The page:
My bad on the TOS shuttles - I had completely forgotten about the instances where they had to be going at warp. Still, it's interesting that in "The Galileo Seven" they talk about the ion boosters and we see the exhaust coming out of the pods. I guess this isn't an out for the "simple impulse" line after all.
So we seem to be left with the bird-of-prey with apparent warp engines, like the shuttle, somehow being able to travel faster than light, and yet Scotty observing "their power is simple impulse."
To me, the only way to resolve this is the notion of some kind of revised definition of impulse drive, as others have suggested. Perhaps by the 24th, or even late 23rd, century, the term's use had been somewhat erroneously simplified down to "sublight propulsion," whereas previously it could refer to an alternate power source for both warp and sublight engines. I believe zDarby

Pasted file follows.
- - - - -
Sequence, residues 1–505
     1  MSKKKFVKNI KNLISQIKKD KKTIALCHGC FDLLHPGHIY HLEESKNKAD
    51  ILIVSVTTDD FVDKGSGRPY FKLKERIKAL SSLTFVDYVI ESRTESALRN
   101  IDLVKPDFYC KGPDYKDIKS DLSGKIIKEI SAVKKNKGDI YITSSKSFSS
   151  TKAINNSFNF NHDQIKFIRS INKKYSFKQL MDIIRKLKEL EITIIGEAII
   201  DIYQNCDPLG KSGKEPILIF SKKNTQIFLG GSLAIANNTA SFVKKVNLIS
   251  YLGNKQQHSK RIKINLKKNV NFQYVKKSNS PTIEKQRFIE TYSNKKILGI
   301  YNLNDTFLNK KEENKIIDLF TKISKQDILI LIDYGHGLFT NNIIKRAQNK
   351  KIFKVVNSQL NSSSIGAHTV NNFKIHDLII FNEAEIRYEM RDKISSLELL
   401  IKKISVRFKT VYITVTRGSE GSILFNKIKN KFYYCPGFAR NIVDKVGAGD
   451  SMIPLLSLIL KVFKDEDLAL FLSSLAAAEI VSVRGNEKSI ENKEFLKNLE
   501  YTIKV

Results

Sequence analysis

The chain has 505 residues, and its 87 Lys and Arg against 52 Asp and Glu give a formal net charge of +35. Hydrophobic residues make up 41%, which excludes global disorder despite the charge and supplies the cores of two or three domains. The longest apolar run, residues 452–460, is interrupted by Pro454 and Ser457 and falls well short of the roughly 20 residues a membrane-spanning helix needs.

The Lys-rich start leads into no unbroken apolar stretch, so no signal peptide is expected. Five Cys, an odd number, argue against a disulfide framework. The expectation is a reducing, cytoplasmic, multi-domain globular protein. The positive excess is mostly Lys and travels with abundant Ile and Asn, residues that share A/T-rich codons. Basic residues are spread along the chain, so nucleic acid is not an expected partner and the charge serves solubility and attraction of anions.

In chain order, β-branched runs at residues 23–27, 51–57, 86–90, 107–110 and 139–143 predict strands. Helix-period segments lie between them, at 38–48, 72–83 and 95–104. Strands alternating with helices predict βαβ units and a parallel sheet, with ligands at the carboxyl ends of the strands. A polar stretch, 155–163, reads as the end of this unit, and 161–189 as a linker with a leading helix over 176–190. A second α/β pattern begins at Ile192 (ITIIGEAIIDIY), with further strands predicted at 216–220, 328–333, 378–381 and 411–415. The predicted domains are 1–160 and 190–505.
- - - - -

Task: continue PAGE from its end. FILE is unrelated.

was the first to float this notion.